The trees on Thetis Island, British Columbia are the similar species of the Pacific Northwest that I know and love: Western Red Cedars, Doug Firs, Sitka Spruce. Thetis is one of many small Islands off the eastern shore of Vancouver Island. Home to only about 200 permanent residents, two miles wide and three miles long, this is a unique place to be. From what I’ve gathered, many of the folks here live in boats parked in the marina or are just passing through by boat. Fishing vessels, sailboats and yachts gather at the main marina in front of the pub where we played a three hour set last night and will again tonight. We are one week into our two weeks in British Columbia already.
Last Monday we rode the ferry from Port Angeles, Washington to Victoria, British Columbia. The ferry is huge and sturdy and fast, taking a little over an hour to cross the 40 miles across the Salish Sea. We are first encompassed by a thick fog but as the morning progresses and we near Victoria, the sun is shinning on the open water. Seaplanes and water taxis go about their business and are dwarfed by the huge ferry as we approach the provincial capital. Customs goes along smoothly and we are soon on our way to Duncan, where we meet up with Meryl (by coincidence also traveling on the island) for lunch, check into our Airbnb and play our first show of the B.C. tour as part of the 39 Days of July Music Festival (where we play again the following Saturday). Seeing Meryl boosts my spirits. Being one of my closest friends, it is a treat to meet up with her while on tour. We did the same last year here, as a place we both love and just can’t get enough of.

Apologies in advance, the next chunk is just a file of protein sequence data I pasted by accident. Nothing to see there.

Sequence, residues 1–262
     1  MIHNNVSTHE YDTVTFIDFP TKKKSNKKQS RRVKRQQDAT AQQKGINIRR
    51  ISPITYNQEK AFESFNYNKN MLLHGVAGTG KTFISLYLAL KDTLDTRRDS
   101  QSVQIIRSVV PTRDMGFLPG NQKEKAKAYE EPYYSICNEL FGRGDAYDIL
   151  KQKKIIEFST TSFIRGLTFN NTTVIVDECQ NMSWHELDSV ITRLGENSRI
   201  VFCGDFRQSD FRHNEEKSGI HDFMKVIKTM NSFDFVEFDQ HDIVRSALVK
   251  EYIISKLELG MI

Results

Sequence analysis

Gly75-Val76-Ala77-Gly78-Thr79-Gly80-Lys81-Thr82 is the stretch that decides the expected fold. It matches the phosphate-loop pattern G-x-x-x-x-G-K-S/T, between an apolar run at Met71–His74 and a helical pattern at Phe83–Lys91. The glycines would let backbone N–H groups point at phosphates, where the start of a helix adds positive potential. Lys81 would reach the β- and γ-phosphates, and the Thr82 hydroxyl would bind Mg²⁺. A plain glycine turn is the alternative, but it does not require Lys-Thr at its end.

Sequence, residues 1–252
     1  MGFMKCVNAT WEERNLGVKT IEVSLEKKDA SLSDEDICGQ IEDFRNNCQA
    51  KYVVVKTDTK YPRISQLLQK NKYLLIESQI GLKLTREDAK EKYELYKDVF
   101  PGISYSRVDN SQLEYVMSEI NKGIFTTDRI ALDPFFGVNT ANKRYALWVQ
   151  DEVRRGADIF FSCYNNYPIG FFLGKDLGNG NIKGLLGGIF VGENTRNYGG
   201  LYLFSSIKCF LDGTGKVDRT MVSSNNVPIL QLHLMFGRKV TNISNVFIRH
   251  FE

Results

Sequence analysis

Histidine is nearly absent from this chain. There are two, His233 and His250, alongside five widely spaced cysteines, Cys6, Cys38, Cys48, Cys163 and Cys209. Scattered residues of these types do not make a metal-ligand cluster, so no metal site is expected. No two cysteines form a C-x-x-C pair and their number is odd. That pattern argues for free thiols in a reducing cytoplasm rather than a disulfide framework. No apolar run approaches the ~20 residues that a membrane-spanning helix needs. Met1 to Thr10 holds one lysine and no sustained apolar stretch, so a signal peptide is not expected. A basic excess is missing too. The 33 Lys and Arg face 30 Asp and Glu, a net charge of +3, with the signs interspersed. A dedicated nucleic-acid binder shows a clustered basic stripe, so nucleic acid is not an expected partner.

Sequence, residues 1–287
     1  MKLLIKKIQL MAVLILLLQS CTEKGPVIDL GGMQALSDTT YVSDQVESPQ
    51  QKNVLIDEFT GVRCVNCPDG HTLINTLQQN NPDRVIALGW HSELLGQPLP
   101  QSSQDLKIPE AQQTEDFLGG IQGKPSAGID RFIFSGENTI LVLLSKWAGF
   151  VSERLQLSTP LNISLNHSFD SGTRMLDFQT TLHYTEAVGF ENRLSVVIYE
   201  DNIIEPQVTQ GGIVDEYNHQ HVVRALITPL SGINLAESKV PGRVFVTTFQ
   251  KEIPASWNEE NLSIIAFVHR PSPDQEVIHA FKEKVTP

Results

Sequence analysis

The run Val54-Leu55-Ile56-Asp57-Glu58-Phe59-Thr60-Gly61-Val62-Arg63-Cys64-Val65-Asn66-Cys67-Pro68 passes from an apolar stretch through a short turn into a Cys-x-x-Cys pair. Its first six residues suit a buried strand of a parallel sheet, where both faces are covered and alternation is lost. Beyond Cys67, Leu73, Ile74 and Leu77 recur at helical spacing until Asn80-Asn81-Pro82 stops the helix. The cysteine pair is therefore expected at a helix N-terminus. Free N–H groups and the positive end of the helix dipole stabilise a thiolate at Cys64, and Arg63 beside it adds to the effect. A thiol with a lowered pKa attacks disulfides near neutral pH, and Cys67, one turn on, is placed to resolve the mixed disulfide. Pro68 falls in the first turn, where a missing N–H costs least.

Since we stayed at our Airbnb one week with only three gigs, a gorgeous tree house style studio with a beautiful view and very cool hosts, we got to explore this area of the island in depth. Wine tasting, dessert sampling, produce finding, hiking and general wandering was how we spent most of our off days while in the Cowichan Valley. The environment here is similar to the Olympic Peninsula yet has its own unique beauty.
Thursday, we played a casual gig (tips only) at Riot Brewing in Chemainus. We played here last year too and had a great time. It’s a brewery with a friendly local crowd and is very dog friendly. Next Friday we’ll play here again, a more official gig. Saturday, we played again at the 39 Days of July Music Festival. Hosted and organized by Longevity John, a man with a long grey half beard, this is an amazing music extravaganza with free music in a central park of Duncan for 39 days straight from noon to 8pm. Musicians from all over Canada and the U.S. perform. It’s a homey, community focused event and a gift to the folks of Duncan.
We could have stayed in the Cowichan Valley for another two weeks and not even come close to exploring all of its hidden charms. One of our favorite vineyards was Averill Creek, where not only did we find some delicious Foch, but they offered free tastings and live music on their beautiful patio, which overlooked the water. A favorite hike was Stoney Hill, a loop through a thick forest to spectacular views of the water and the nearby Salt Spring Island.
Monday morning, we caught the ferry in Chemainus to Thetis island and later played our first of two evenings of music at the marina restaurant. There is a different and slower feel here, a true “island time” sort of community. I suspect many of the folks who live here decided to get away from the chaos of the mainland for a more focused and humble way of life. We’ve been welcomed and have gotten to know some of the locals as well of those who are passing through. This is a place where I do not feel like an outsider when I mention we live out of our van, as that simpler way of life is respected and sought after here.